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Transfer Learning For Pytorch Image Classification

Image Classification Using Transfer Learning in PyTorch
Image Classification Results - Pytorch Image Classification

Transfer Learning has revolutionized the way we approach image classification in PyTorch. Recently PyTorch has gained a lot of popularity because of its ease of usage and learning. Andrej Karpathy, Senior Director of AI at Tesla, said the following in his tweet.

Andrej Karpathy on Pytorch - transfer learning

Jokes apart, PyTorch is very transparent and can help researchers and data scientists achieve high productivity and reliable results.

This article is part of the following series:

PyTorch for Beginners
PyTorch for Beginners: Basics
PyTorch for Beginners: Image Classification using Pre-trained models
Image Classification using Transfer Learning in PyTorch
PyTorch Model Inference using ONNX and Caffe2
PyTorch for Beginners: Semantic Segmentation using torchvision
Object Detection
Instance Segmentation

In this post, we discuss image classification in PyTorch. We will use a subset of the CalTech256 dataset to classify images of 10 animals. We will go over the steps of dataset preparation, data augmentation and then the steps to build the classifier. We use transfer learning to use the low level image features like edges, textures etc. These are learnt by a pretrained model, ResNet50, and then train our classifier to learn the higher level details in our dataset images like eyes, legs etc. ResNet50 has already been trained on ImageNet with millions of images. In another article on blog we disuss Transfer Learning for Medical Images.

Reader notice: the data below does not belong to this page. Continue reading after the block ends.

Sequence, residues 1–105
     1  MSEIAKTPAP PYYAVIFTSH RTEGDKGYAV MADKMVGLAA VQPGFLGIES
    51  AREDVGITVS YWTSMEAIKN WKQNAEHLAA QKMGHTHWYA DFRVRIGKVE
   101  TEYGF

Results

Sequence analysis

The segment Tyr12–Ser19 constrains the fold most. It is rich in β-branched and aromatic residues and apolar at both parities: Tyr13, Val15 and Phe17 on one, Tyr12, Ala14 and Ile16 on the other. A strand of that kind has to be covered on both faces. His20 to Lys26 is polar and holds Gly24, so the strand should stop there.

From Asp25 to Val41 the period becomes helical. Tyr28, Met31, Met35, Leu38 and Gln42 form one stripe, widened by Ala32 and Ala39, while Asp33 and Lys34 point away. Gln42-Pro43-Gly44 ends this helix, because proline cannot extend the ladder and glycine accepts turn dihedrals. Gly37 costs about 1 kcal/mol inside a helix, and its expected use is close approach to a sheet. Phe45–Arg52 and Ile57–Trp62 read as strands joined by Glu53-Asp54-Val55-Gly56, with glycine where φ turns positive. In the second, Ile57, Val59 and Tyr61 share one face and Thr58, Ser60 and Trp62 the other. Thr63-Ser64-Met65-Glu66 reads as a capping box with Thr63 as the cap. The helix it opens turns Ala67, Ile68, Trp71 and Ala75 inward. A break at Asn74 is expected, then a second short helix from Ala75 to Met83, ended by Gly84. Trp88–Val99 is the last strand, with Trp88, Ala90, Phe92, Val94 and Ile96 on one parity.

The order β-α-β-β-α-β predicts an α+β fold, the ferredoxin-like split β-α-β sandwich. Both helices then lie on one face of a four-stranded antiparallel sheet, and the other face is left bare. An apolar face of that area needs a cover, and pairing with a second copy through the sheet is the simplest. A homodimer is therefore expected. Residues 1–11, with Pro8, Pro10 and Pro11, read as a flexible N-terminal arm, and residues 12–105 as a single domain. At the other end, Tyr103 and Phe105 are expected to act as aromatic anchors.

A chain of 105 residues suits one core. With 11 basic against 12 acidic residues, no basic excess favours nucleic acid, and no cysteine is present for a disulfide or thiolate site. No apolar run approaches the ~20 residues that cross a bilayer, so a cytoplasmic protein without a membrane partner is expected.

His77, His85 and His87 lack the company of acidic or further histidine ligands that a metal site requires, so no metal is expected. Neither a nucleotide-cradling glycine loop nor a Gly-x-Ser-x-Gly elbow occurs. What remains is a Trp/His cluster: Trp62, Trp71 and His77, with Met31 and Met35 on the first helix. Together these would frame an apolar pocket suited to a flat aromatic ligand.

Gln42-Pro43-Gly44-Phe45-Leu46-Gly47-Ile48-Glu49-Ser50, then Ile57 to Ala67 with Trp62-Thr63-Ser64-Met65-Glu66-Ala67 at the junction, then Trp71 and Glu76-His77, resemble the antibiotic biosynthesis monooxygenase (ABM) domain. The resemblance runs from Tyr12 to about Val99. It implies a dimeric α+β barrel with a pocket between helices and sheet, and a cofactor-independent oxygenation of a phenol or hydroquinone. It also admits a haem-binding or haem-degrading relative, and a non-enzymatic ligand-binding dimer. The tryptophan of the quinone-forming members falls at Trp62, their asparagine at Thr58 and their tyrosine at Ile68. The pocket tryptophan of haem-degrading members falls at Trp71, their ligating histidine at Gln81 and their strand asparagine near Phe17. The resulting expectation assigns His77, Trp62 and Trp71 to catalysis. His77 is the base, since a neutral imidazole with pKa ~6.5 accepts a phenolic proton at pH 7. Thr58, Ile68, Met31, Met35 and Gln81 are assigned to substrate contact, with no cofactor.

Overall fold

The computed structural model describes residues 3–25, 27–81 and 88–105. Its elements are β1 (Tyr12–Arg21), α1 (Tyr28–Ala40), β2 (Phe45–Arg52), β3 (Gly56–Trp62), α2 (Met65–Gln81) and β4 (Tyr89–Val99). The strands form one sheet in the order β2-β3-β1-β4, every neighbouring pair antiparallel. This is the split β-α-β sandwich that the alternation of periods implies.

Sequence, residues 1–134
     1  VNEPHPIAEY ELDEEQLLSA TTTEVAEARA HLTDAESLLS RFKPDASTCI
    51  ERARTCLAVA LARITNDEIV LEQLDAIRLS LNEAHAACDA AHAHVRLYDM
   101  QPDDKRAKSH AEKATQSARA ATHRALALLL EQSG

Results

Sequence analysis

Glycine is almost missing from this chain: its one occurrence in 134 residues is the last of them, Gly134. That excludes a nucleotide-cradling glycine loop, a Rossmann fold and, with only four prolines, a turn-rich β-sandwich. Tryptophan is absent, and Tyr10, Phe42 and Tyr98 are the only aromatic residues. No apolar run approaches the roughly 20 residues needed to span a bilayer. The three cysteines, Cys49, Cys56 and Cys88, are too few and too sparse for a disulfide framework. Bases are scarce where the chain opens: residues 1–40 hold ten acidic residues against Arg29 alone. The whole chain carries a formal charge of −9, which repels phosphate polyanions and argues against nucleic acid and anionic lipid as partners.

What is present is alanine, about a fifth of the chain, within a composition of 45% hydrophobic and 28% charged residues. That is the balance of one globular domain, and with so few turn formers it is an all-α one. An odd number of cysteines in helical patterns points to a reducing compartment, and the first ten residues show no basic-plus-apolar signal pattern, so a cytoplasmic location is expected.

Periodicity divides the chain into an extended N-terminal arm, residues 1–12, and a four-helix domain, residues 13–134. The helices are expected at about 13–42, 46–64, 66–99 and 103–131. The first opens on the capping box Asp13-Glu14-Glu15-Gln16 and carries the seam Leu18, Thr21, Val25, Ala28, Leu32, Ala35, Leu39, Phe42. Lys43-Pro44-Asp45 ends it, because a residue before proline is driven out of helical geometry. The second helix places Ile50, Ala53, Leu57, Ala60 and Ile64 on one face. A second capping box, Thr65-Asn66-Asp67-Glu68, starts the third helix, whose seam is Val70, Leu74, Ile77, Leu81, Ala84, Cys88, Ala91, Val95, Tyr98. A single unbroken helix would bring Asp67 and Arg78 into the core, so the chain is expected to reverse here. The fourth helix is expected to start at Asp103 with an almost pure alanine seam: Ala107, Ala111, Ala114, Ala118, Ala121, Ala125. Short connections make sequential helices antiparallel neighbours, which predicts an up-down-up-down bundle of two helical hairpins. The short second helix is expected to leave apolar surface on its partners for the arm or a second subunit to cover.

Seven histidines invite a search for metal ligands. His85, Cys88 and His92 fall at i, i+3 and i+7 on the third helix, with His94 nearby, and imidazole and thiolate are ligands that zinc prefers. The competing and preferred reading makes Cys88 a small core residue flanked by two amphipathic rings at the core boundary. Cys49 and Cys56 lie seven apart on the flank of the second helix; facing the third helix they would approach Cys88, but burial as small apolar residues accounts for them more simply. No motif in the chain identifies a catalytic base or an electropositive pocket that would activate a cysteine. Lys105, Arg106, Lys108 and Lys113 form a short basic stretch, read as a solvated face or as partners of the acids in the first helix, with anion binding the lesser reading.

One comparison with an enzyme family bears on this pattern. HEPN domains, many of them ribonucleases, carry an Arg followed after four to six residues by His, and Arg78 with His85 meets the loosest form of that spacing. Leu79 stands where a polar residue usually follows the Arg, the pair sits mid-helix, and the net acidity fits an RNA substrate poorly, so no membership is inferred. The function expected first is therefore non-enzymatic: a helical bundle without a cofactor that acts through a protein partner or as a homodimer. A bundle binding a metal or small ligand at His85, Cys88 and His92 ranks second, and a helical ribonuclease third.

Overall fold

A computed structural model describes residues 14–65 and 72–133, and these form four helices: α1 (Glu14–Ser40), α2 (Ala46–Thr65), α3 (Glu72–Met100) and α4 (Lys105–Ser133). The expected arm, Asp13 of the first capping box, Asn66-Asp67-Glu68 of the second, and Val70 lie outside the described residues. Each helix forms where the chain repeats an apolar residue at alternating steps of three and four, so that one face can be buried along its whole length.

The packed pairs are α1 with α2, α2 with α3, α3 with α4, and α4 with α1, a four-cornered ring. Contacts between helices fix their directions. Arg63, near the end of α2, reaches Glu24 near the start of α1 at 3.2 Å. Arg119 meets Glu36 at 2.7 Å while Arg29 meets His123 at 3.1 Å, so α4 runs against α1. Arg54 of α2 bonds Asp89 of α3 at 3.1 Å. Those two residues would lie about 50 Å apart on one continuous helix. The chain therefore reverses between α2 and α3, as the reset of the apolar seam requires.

Do not worry about functions and code. The post has code snippets to make it easy to study and understand. Also, the complete code has been made available over a python notebook (subscribe and download for free). Before we dive into the article, here’s a video on Pytorch image classification to motivate you further. Just like this video shows, you could build your own “Zoo classifier”!